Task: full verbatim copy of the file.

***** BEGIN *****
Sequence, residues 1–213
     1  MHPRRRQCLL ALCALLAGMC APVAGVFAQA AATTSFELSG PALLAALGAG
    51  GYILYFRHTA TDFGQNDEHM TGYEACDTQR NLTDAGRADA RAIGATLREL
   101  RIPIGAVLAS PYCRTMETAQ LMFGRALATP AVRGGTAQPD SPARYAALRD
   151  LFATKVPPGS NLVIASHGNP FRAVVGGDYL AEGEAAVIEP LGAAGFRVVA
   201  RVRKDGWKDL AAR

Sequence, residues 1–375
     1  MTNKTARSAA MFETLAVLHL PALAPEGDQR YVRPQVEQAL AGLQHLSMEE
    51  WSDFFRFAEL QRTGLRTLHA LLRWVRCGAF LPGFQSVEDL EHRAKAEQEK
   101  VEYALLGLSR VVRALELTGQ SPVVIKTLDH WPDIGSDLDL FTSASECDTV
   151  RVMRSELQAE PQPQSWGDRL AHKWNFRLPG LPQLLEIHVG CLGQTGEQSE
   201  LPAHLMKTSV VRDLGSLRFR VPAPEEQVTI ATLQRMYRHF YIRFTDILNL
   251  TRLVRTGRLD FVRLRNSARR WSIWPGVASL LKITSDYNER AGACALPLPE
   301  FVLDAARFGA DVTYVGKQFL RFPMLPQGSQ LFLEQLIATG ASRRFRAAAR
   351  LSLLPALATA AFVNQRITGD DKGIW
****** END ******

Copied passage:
Sequence, residues 1–213
     1  MHPRRRQCLL ALCALLAGMC APVAGVFAQA AATTSFELSG PALLAALGAG
    51  GYILYFRHTA TDFGQNDEHM TGYEACDTQR NLTDAGRADA RAIGATLREL
   101  RIPIGAVLAS PYCRTMETAQ LMFGRALATP AVRGGTAQPD SPARYAALRD
   151  LFATKVPPGS NLVIASHGNP FRAVVGGDYL AEGEAAVIEP LGAAGFRVVA
   201  RVRKDGWKDL AAR

Sequence, residues 1–375
     1  MTNKTARSAA MFETLAVLHL PALAPEGDQR YVRPQVEQAL AGLQHLSMEE
    51  WSDFFRFAEL QRTGLRTLHA LLRWVRCGAF LPGFQSVEDL EHRAKAEQEK
   101  VEYALLGLSR VVRALELTGQ SPVVIKTLDH WPDIGSDLDL FTSASECDTV
   151  RVMRSELQAE PQPQSWGDRL AHKWNFRLPG LPQLLEIHVG CLGQTGEQSE
   201  LPAHLMKTSV VRDLGSLRFR VPAPEEQVTI ATLQRMYRHF YIRFTDILNL
   251  TRLVRTGRLD FVRLRNSARR WSIWPGVASL LKITSDYNER AGACALPLPE
   301  FVLDAARFGA DVTYVGKQFL RFPMLPQGSQ LFLEQLIATG ASRRFRAAAR
   351  LSLLPALATA AFVNQRITGD DKGIW